Nevada's Access To Birth Control: Should Colorado Be A Model?


Colorado has seen a huge drop in the number of pregnancies among teenagers and in the state's poorest neighborhoods. Could Nevada look to that state for solutions?

Over the years, Nevada's teen pregnancy rates have consistently ranked among the country's worst.

Perhaps more compelling is the fact that the highest numbers fall in the state's poorest neighborhoods.

That's not to say Nevada is the only state that faces this issue. Which is why Colorado, took a decidedly different - and maybe a bit controversial - approach. Lucky for them, it seems to be working.

In 2009, the state of Colorado began offering free intrauterine and implant birth control devices that would prevent pregnancies for years. The birth control was offered to teens and low-income women, and the birthrate for teenagers across the state has plunged by more than 40 percent, while the rate of abortions fell by 42 percent, according to the Colorado Department of Public Health and Environment.

According to Suzann Chesebrough-Pruitt, who is the community nurse supervisor with the teen pregnancy prevention program with the Southern Nevada Health District, the district has a similar program.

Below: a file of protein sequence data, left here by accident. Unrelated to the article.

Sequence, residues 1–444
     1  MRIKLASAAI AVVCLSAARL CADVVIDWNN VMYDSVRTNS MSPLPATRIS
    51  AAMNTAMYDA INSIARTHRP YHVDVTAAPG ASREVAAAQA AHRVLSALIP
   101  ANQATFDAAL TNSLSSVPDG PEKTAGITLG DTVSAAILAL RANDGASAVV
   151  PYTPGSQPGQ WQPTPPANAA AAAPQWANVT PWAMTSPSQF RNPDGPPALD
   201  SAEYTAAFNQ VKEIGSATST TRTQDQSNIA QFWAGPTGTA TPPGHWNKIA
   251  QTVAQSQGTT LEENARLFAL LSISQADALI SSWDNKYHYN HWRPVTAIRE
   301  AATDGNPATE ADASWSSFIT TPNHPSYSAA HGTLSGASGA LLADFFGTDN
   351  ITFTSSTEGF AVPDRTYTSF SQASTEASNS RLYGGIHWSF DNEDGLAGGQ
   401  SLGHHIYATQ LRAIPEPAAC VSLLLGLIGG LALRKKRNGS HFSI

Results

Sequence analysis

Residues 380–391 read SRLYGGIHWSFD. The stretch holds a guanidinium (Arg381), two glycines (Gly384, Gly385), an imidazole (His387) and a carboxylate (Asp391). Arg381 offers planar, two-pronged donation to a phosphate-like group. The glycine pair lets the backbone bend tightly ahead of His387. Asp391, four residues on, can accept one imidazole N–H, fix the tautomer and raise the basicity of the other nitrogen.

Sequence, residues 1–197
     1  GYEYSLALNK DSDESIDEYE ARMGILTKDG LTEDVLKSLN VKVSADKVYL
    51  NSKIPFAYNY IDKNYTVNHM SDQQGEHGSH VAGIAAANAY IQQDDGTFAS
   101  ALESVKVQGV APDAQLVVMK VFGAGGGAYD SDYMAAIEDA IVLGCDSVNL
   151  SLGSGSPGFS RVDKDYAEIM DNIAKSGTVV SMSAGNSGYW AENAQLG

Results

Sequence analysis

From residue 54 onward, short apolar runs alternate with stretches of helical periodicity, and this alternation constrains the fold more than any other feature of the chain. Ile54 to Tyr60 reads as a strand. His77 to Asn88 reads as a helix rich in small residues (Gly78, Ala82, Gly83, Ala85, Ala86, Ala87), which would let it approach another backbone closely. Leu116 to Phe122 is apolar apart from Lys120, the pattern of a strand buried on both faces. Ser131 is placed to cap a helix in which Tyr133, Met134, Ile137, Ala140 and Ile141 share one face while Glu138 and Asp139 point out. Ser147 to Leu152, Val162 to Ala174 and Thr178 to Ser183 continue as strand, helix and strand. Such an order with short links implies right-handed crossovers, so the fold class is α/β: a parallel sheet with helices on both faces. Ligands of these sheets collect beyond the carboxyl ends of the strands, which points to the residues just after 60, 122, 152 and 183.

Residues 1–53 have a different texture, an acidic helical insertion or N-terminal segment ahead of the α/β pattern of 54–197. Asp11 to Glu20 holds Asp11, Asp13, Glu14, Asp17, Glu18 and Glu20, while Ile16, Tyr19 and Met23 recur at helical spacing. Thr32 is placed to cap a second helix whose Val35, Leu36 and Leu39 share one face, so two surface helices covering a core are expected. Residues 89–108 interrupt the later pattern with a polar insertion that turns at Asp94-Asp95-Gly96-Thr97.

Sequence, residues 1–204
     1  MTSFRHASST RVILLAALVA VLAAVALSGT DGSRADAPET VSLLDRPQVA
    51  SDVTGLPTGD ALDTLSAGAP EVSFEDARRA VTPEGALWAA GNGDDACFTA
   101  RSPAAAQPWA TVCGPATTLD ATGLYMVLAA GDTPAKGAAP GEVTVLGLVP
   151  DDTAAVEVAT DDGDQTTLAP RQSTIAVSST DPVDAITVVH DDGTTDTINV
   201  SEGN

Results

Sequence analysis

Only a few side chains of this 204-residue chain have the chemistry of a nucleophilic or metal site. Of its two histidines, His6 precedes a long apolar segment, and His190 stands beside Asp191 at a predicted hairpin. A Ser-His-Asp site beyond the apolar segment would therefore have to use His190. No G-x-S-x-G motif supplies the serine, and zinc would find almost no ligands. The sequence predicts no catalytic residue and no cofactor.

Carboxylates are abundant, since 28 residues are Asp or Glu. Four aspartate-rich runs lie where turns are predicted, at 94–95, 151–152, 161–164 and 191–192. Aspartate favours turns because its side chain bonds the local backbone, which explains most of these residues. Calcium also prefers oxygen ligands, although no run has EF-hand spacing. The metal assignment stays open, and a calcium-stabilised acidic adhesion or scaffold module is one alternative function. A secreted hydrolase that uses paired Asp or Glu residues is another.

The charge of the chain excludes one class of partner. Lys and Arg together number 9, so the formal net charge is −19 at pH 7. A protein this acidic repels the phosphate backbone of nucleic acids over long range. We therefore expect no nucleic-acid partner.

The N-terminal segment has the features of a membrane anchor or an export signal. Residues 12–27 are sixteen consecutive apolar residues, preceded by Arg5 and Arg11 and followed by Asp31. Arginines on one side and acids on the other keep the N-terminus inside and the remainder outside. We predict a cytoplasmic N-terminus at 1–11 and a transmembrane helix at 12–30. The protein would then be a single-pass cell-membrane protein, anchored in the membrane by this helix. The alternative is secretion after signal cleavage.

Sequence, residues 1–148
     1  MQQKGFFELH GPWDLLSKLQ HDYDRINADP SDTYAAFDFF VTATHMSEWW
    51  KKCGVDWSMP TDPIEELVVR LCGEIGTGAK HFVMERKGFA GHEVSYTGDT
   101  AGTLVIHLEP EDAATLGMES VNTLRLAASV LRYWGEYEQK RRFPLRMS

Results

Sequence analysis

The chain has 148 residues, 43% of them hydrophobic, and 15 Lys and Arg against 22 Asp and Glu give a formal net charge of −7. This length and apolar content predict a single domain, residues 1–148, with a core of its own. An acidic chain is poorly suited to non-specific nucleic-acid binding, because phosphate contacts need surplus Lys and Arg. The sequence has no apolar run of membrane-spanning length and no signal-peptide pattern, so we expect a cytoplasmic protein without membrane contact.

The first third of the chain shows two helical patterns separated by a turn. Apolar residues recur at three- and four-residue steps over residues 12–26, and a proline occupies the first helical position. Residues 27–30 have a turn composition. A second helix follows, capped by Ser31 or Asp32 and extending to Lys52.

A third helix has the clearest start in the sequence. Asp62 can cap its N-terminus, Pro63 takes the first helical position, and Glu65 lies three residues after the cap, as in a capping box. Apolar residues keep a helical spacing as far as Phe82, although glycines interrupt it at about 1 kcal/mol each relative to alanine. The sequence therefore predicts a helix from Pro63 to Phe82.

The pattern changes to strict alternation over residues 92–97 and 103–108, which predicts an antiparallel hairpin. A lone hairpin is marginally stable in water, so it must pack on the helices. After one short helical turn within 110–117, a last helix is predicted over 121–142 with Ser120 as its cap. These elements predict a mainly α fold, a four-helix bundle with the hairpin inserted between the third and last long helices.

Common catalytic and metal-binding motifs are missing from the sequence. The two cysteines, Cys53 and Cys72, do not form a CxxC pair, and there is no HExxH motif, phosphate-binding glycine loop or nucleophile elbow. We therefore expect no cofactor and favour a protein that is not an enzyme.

Support comes from

Through the Department of Health and Human Services' Title 10 program, the health district offers low or no cost birth control. 

Pruitt said the district offers four different kinds of long-active contraception, plus the birth control pill and Depo-Provera, otherwise known as the birth control shot.

She believes one of the hurdles that remains for lowering the teen pregnancy rate in our state is making teens feel comfortable in one of the clinics. 

"What I think we should do is make our clinics teen friendly to youth where they're more comfortable coming into the clinics," Pruitt said.

The health district just received a new grant to help it expand its evidence-based sexual health education program.

She said teens who go through the program are more likely to say they'll use condoms, they're more knowledgeable about HIV and AIDS and have better refusal skills, meaning they're able to talk about condom use with their partners and refuse sex. 



Suzann Chesebrough-Pruitt, community nurse supervisor, teen pregnancy prevention program with the Southern Nevada Health District

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